1925: The New Yorker magazine is published for the first time, so that little old ladies in Dubuque know what is happening in the Big Apple.
1936: Barbara Charlene Jordan (Boston College Law 1959), who will become the first African American Democrat to sit in the Texas Senate and later will be a professor at the University of Texas, is born at Houston.
1943: Record and film impresario David Lawrence Geffen, who will start in the mail room at the William Morris Agency but will later co-found Dreamworks SKG Studio, is born at Brooklyn, New York.
1947: Edwin Land demonstrates the first "instant camera," called the "Polaroid Land," at a meeting of New York's Optical Society of America.
1948: America's most popular sports organization, the National Association of Stock Car Automobile Racing, is founded at Daytona Beach, Florida.
1960: Cuban lawyer and caudillo Fidel Castro nationalizes all businesses in Cuba, which will ultimately result in the cutting off of trade with the U.S.
Sunday, February 20, 2005
The National Basketball Association and its players' union are still a long way apart as they move toward the expiration of the current contract in June.
Graduate students at the University of Iowa have reached a new contract with the Iowa City school.
English rugby fans are arguing about whether top players should be under contract to individual clubs or to the central league office.
An Indian man who "rented" a woman for a year to have his child and complained about her "breach of contract" finds himself arrested, along with her and the ashram manager who rented her.
Scottish city councils, who have been receiving asylum seekers under a contract with the British Home Office, say they won't take more unless they get an additional £10 million.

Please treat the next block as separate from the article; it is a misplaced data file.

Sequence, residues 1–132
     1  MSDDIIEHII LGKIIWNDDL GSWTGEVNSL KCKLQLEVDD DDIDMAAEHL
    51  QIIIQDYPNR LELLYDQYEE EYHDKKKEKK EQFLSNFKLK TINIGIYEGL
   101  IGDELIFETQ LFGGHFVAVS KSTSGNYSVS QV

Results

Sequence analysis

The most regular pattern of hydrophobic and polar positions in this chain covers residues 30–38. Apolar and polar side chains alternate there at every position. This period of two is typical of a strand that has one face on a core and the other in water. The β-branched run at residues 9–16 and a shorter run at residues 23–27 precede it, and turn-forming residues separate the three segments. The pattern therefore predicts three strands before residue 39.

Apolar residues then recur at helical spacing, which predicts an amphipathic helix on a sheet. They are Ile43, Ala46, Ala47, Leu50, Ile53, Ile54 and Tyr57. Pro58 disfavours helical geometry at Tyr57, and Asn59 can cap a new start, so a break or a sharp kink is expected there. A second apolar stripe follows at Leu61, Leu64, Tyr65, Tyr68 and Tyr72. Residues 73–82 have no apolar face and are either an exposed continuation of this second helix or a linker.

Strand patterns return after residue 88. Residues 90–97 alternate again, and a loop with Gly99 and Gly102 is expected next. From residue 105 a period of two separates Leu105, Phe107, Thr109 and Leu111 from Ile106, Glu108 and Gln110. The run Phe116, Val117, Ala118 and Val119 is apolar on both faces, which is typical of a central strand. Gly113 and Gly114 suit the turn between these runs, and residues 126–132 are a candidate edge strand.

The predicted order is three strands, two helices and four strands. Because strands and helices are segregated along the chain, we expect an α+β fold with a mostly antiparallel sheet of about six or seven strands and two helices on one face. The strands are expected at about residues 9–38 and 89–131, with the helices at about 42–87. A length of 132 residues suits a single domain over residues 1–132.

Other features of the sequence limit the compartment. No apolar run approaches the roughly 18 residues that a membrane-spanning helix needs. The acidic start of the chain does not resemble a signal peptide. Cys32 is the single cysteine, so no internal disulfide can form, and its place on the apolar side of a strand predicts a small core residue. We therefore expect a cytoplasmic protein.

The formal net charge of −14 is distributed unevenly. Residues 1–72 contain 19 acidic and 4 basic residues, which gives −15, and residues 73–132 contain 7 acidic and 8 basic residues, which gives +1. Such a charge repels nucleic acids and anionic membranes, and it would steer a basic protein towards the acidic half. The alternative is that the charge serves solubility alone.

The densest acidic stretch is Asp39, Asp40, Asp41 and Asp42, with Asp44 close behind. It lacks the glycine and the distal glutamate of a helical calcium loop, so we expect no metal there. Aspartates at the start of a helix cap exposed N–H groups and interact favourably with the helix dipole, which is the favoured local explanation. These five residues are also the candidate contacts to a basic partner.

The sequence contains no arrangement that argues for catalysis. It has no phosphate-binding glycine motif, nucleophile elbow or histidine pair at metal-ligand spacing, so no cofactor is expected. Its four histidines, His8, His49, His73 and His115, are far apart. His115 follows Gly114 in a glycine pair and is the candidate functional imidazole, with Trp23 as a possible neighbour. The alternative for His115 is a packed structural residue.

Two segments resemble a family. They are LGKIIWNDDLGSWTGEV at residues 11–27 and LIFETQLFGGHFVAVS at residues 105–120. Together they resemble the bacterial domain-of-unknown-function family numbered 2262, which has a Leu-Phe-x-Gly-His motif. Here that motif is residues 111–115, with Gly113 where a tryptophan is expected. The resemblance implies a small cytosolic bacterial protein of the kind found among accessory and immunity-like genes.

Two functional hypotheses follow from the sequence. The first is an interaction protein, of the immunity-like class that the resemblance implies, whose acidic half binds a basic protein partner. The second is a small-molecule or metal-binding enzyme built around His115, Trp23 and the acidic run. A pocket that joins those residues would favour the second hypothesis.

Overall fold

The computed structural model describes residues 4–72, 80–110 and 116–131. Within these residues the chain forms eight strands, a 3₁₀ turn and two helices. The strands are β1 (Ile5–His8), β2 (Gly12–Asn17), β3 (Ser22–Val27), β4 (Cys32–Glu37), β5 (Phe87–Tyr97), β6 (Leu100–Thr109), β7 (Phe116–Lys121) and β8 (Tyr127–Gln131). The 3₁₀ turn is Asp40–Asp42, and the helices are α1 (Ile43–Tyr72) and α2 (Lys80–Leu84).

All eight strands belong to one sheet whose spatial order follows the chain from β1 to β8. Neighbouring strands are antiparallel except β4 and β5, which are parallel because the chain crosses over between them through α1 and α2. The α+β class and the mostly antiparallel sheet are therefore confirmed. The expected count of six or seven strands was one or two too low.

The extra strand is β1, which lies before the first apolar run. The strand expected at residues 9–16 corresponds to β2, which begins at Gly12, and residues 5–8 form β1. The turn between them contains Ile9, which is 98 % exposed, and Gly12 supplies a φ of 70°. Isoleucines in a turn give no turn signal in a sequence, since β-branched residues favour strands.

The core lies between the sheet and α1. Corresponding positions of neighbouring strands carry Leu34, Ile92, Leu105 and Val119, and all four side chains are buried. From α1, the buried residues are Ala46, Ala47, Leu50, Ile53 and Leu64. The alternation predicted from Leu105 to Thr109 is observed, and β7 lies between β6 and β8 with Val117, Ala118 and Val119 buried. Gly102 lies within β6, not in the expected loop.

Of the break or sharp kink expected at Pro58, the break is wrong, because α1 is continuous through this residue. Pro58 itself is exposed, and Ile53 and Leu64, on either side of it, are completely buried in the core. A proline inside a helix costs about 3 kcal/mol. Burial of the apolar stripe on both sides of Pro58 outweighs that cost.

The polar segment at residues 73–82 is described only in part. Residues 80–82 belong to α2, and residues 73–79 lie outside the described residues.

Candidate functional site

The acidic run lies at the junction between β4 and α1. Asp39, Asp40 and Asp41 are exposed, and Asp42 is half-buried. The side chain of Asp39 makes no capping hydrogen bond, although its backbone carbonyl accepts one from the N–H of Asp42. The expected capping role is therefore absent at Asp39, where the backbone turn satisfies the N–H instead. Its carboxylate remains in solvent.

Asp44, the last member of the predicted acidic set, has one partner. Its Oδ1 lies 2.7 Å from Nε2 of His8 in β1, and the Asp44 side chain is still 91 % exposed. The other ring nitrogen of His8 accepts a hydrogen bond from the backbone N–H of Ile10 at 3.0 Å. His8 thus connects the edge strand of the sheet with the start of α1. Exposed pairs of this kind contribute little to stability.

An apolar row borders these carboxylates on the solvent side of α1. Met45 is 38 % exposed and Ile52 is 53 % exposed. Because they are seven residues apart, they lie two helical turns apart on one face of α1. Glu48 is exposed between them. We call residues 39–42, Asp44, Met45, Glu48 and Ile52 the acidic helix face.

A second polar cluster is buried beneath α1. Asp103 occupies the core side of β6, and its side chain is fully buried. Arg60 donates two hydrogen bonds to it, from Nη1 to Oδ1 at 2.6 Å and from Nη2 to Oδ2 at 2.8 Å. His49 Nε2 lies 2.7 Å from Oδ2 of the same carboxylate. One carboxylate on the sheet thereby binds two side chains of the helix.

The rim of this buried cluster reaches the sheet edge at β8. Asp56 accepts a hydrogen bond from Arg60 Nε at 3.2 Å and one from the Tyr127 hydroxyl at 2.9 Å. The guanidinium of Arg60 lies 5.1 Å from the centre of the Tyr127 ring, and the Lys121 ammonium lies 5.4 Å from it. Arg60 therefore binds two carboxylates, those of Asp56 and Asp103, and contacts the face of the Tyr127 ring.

A labor union official who advised former Chelsea football player Adrian Mutu has been disqualified from the arbitral panel overseeing the contentious contract dispute in which the club is seeking at least 7 million in damages for Mutu's breach of contract by using cocaine.
This week's Professor Spotlight is on the University of Hawai'i's Hazel Glenn Beh, who took an unusual path to teaching contracts, but it happy she did. As she likes to say, "Contracts no ka oi!" or, roughly, "Contracts is the best!"
1792: President Washington signs a bill creating the Post Office Department.
1848: Railroad tycoon Edward Henry Harriman is born to an Episcopal minister and his wife at Long Island, New York.
1872: Funded by wealthy New York merchants, the Metropolitan Museum of Art opens at 681 Fifth Avenue.
1872: Inventor Luther Childs Crowell of Cape Cod, Massachusetts, receives a patent for the flat-bottomed paper bag, the kind still in use today.
1893: Pierre Gustave Toutant Beauregard, president of the New Orleans, Jackson & Mississippi Railroad and manager of the famed Louisiana Lottery, dies at New Orleans. Oh, and he fought in the American Civil War.
1924: Jeans maven Gloria Laura Vanderbilt is born, the daughter of a railroad heir and a Swiss-Chilean socialite, at New York City. She will not design the jeans that bear her name, but they will sell anyway.
1943: U.S. movie studios agree to allow film censorship by President Roosevelt's Office of War Information.
1972: The man who invented modern journalism, Walter Winchell, dies in Los Angeles. "I usually get my stuff from people who promised somebody else that they would keep it a secret."
1986: Pitcher Orel Hershiser of the Los Angeles Dodgers becomes the first baseball player to win a $1 million salary in arbitration.
1993: Ferruccio Lamborghini, the former Italian army mechanic who starting a business converting war-surplus equipment into farm tractors, and who went on to found his own luxury car company, dies at age 76.